The concepts of the Montessori approach to education are elegant in their simplicity, yet based on sophisticated understandings of the relationship between human development, learning, and environment. After studying children in a variety of countries and from a number of different cultures and backgrounds, Dr. Montessori came to the conclusion that the human mind is constructed to organize and learn from the environment. Based on this recognition, she developed a prepared environment carefully designed to support the young child’s “absorbent mind” and to assist their complete development.

- Association Montessori International/USA

These key principles contribute to the success of Montessori education:

  • Movement and learning are closely connected; movement enhances learning.
  • Placing children in mixed age groups, corresponding to planes of development, allows them to relate to children who are both older and younger.
  • Observation of the child reveals the proper timing for presentation of new information and experiences.
  • Attending to sensitive periods of development guides the choice of classroom activities in which a child will be engaged.
  • The classroom experience should build on the desire of the young child to master his or her environment.
  • The use of self-correcting materials allows children to manipulate and explore at their own pace.

- Association Montessori International/USA

Montessori vs. Mainstream

An Educational Comparison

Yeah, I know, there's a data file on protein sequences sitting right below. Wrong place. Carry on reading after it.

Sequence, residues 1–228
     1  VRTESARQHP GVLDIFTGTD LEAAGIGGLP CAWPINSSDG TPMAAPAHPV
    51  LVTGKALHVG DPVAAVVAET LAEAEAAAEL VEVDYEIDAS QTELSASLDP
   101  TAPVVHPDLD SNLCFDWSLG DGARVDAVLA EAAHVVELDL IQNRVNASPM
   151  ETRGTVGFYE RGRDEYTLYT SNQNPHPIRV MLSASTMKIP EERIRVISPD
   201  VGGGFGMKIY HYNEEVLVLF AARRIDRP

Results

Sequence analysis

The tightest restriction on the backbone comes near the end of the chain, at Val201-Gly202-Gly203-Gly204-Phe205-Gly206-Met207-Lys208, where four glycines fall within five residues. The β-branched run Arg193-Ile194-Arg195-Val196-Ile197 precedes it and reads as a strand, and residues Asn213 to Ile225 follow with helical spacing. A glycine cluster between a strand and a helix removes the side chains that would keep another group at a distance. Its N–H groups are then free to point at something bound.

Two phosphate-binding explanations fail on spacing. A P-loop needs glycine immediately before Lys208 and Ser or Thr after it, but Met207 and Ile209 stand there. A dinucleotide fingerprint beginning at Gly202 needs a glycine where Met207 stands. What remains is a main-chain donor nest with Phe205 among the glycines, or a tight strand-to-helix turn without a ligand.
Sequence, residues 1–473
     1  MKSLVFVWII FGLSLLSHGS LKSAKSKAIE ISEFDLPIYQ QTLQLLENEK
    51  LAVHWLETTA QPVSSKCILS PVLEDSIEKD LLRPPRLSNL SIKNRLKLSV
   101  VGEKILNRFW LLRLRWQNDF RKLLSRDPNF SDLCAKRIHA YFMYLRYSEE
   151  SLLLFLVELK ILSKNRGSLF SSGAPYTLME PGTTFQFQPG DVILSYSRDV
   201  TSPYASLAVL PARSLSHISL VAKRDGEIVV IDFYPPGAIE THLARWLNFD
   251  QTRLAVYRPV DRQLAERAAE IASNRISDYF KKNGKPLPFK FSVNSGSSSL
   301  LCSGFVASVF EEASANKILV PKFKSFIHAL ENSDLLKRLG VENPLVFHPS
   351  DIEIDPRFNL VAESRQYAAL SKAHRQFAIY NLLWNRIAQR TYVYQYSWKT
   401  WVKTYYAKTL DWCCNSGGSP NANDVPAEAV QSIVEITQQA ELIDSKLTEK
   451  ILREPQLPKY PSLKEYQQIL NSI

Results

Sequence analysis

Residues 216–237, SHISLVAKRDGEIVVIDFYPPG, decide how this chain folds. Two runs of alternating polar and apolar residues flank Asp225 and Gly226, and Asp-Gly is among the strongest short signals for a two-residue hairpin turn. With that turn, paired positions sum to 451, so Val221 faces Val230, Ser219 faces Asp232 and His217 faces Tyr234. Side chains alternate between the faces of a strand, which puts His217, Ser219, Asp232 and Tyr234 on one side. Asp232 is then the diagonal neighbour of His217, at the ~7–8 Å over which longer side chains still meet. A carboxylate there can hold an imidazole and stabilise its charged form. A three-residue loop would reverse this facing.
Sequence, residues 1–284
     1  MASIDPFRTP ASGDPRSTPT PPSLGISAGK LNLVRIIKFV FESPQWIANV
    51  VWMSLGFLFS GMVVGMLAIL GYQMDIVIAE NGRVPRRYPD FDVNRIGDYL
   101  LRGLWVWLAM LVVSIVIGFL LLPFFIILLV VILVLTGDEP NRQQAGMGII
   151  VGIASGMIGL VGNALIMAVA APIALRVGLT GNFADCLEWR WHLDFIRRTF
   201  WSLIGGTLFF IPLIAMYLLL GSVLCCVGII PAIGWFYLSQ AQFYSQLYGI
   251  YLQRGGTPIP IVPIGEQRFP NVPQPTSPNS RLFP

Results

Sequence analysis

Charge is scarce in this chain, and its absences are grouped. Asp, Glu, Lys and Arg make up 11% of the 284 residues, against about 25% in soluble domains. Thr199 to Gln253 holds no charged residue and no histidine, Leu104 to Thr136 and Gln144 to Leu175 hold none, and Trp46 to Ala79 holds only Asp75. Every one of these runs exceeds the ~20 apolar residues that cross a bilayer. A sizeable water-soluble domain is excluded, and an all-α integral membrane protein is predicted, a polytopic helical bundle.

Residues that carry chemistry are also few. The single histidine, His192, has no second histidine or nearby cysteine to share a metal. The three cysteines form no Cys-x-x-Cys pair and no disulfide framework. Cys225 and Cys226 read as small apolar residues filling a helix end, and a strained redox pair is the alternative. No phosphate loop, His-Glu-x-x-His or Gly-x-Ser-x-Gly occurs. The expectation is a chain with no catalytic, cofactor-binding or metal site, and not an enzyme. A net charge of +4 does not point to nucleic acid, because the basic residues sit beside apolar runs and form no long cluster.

Montessori Mainstream
Based on helping the natural development of the human being. Based on the transfer of a national curriculum.
Children learn at their own pace and follow their own individual interests. Children learn from a set curriculum according to a time frame that is the same for everyone.
Children teach themselves using materials specially prepared for that purpose. Children are taught by the teacher.
Understanding comes through the child’s own experiences via the materials and the promotion of children’s ability to nd things out for themselves. Learning is based on subjects and is limited to what is given.
Learning is based on the fact that physical exploration and cognition are linked. Children sit at desks and learn from a whiteboard and worksheets.
The teacher works in collaboration with the children. The class is teacher led.
The child’s individual development brings its own reward and therefore motivation. Motivation is achieved by a system of rewards and punishments.
Uninterrupted work cycles. Block time, period lessons.
Multi-age classrooms. Single-graded classrooms.
Working and learning matched to the social development of the child. Working and learning without emphasis on social development.

- Association Montessori International/USA